Second trimester serum predictors of preterm birth in a population-based sample of low-risk pregnancies

Genetic Disease Screening Program, California Department of Public Health, Richmond, CA 94804, USA.
Prenatal Diagnosis (Impact Factor: 3.27). 08/2010; 30(8):727-33. DOI: 10.1002/pd.2489
Source: PubMed


To examine the relationship between typically collected second trimester maternal serum biomarkers and preterm birth among pregnancies without intrauterine-growth-retardation or other specific risk factors.
Included were 102 861 singleton pregnancies without specific risks that resulted in the live birth of an infant of normal birth weight for gestational age without aneuploidy or a neural tube defect. Logistic binomial regression analyses were used to estimate the relative risk (RR) of giving birth preterm among pregnancies with an abnormal level of alpha-fetoprotein (AFP), human chorionic gonatotropin (hCG), and/or unconjugated estriol (uE3) compared to pregnancies with normal biomarker levels.
When compared to pregnancies with normal levels of AFP, hCG, and uE3, pregnancies with elevated levels of any biomarker [multiple of the median (MoM) >or= 2.0] were at an increased risk for preterm birth regardless of preterm grouping (RRs 1.3-5.4). Risks for preterm birth tended to increase substantially when at least two biomarkers were elevated (RRs 2.2-18.7).
The results suggest that second trimester maternal serum biomarkers may help identify pregnancies at increased risk for preterm birth when no other identified risks are present. Data indicates that biomarkers may be particularly predictive of early preterm birth.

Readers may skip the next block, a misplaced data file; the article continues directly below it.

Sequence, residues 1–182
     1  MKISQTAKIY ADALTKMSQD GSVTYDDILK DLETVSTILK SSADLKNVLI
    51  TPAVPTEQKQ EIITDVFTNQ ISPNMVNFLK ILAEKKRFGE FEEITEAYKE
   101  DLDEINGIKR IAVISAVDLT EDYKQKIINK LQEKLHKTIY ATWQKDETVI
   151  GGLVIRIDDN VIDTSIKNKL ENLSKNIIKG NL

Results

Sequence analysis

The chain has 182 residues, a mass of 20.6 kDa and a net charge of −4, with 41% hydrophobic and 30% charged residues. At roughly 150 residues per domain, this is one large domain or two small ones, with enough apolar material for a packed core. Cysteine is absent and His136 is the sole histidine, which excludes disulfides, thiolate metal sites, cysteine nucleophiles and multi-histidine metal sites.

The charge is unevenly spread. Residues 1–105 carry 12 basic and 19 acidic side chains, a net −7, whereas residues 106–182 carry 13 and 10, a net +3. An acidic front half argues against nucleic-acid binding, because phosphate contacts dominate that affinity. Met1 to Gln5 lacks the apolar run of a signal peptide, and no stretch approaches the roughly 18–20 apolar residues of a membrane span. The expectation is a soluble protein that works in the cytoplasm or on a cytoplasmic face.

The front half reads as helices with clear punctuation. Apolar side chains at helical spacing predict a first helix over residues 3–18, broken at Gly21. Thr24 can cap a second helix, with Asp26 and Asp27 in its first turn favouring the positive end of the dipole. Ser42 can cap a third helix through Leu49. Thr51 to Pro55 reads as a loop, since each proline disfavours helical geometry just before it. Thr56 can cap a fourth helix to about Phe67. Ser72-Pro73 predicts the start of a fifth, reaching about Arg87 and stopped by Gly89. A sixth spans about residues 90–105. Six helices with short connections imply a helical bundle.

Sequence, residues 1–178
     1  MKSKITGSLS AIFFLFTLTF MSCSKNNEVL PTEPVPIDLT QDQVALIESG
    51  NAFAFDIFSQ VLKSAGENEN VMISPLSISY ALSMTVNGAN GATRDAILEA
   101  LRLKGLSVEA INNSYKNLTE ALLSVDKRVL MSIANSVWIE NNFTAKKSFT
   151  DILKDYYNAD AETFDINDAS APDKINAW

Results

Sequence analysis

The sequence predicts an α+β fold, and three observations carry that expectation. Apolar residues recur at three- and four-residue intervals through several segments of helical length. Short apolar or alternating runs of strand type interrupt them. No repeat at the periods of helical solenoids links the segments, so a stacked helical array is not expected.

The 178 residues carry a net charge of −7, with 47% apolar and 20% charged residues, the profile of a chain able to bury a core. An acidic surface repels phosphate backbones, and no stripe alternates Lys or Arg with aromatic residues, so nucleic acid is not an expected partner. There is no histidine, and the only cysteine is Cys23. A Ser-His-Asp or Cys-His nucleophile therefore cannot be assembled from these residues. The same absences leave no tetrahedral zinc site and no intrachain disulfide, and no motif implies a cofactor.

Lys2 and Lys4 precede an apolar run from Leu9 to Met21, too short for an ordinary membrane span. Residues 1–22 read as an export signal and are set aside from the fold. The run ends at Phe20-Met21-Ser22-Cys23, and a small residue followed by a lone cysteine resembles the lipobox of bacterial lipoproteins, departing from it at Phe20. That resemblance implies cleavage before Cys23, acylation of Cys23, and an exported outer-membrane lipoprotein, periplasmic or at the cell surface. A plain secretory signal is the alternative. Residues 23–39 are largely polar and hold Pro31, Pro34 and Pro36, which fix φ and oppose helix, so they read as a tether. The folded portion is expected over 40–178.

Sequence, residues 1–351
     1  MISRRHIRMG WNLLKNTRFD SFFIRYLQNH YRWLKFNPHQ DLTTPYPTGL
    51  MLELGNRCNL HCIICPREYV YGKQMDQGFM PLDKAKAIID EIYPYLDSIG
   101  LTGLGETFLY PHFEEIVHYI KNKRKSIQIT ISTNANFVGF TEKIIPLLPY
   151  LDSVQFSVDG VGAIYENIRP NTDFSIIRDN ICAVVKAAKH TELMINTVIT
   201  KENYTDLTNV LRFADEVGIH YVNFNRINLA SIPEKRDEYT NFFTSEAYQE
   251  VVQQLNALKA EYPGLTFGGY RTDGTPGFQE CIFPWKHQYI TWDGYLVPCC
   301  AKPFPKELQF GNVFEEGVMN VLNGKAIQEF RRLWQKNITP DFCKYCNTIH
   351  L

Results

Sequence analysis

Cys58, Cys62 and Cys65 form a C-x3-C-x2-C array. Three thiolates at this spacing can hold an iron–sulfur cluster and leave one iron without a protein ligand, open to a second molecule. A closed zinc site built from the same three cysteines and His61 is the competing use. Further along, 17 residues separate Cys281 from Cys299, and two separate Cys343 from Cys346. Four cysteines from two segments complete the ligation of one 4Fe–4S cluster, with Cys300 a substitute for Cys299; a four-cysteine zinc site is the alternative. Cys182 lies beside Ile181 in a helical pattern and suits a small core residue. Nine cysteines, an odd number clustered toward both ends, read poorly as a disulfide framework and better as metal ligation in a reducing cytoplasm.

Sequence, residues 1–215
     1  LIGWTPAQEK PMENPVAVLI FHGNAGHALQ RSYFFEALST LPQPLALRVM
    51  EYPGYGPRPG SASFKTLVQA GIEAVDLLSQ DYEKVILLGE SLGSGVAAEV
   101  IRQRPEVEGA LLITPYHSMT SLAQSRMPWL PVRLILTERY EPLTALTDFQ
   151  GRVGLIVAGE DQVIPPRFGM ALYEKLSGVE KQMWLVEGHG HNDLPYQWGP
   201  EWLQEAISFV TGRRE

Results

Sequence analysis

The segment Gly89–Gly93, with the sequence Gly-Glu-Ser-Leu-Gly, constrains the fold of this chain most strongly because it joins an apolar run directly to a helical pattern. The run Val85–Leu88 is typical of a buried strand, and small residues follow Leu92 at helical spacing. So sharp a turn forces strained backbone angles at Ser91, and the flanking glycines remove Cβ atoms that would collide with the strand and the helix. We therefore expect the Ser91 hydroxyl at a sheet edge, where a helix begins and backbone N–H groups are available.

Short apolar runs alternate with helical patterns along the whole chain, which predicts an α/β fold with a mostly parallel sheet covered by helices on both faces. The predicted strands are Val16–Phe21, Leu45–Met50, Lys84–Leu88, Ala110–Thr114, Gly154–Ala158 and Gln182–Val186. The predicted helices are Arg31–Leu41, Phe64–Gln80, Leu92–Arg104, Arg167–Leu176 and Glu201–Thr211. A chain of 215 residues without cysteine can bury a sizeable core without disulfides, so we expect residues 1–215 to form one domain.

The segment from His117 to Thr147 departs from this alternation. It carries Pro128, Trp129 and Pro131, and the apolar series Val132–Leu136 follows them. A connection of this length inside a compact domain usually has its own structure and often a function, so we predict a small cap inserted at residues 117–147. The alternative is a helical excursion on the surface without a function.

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    • "Research suggests a complex, perhaps redundant , set of signals that vary over the course of gestation (Vigano et al. 2003; Erlebacher 2010; Sales et al. 2011). As noted by Haig (1993), Møller (1997), Forbes (2005), and Baird (2009), however, a relatively low level of gestational human chorionic gonadotropin (hCG) in maternal serum predicts spontaneous abortion better than other candidate signals (Dugoff et al. 2004; Goetzl et al. 2004; Cole 2010; Jelliffe-Pawlowski et al. 2010; Kirkegaard et al. 2011). Consistent with the assumption that male fetuses disproportionately rank low on fitness, gestations of males yield endemically lower hCG levels in maternal serum than those of females (Yaron et al. 2001; Cowans et al. 2009). "
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